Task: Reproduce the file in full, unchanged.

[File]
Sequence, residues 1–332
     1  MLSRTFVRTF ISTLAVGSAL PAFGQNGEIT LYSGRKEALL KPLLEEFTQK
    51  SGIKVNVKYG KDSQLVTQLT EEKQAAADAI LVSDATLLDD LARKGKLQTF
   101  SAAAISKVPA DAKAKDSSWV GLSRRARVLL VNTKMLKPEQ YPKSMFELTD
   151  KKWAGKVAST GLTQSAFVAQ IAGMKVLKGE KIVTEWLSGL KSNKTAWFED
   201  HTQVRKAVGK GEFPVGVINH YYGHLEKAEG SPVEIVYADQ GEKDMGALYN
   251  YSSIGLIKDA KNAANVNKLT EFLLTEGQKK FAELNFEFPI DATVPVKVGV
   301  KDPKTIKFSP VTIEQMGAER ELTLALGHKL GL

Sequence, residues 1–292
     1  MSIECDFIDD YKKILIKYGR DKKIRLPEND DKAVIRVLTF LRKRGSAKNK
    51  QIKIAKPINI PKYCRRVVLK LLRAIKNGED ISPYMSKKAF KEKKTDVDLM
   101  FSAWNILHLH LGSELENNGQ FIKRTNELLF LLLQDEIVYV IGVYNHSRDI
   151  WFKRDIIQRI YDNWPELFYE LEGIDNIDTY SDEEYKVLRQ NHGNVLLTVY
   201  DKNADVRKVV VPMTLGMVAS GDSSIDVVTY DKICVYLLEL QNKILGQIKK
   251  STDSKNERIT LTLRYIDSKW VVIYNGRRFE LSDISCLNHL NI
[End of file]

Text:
Sequence, residues 1–332
     1  MLSRTFVRTF ISTLAVGSAL PAFGQNGEIT LYSGRKEALL KPLLEEFTQK
    51  SGIKVNVKYG KDSQLVTQLT EEKQAAADAI LVSDATLLDD LARKGKLQTF
   101  SAAAISKVPA DAKAKDSSWV GLSRRARVLL VNTKMLKPEQ YPKSMFELTD
   151  KKWAGKVAST GLTQSAFVAQ IAGMKVLKGE KIVTEWLSGL KSNKTAWFED
   201  HTQVRKAVGK GEFPVGVINH YYGHLEKAEG SPVEIVYADQ GEKDMGALYN
   251  YSSIGLIKDA KNAANVNKLT EFLLTEGQKK FAELNFEFPI DATVPVKVGV
   301  KDPKTIKFSP VTIEQMGAER ELTLALGHKL GL

Sequence, residues 1–292
     1  MSIECDFIDD YKKILIKYGR DKKIRLPEND DKAVIRVLTF LRKRGSAKNK
    51  QIKIAKPINI PKYCRRVVLK LLRAIKNGED ISPYMSKKAF KEKKTDVDLM
   101  FSAWNILHLH LGSELENNGQ FIKRTNELLF LLLQDEIVYV IGVYNHSRDI
   151  WFKRDIIQRI YDNWPELFYE LEGIDNIDTY SDEEYKVLRQ NHGNVLLTVY
   201  DKNADVRKVV VPMTLGMVAS GDSSIDVVTY DKICVYLLEL QNKILGQIKK
   251  STDSKNERIT LTLRYIDSKW VVIYNGRRFE LSDISCLNHL NI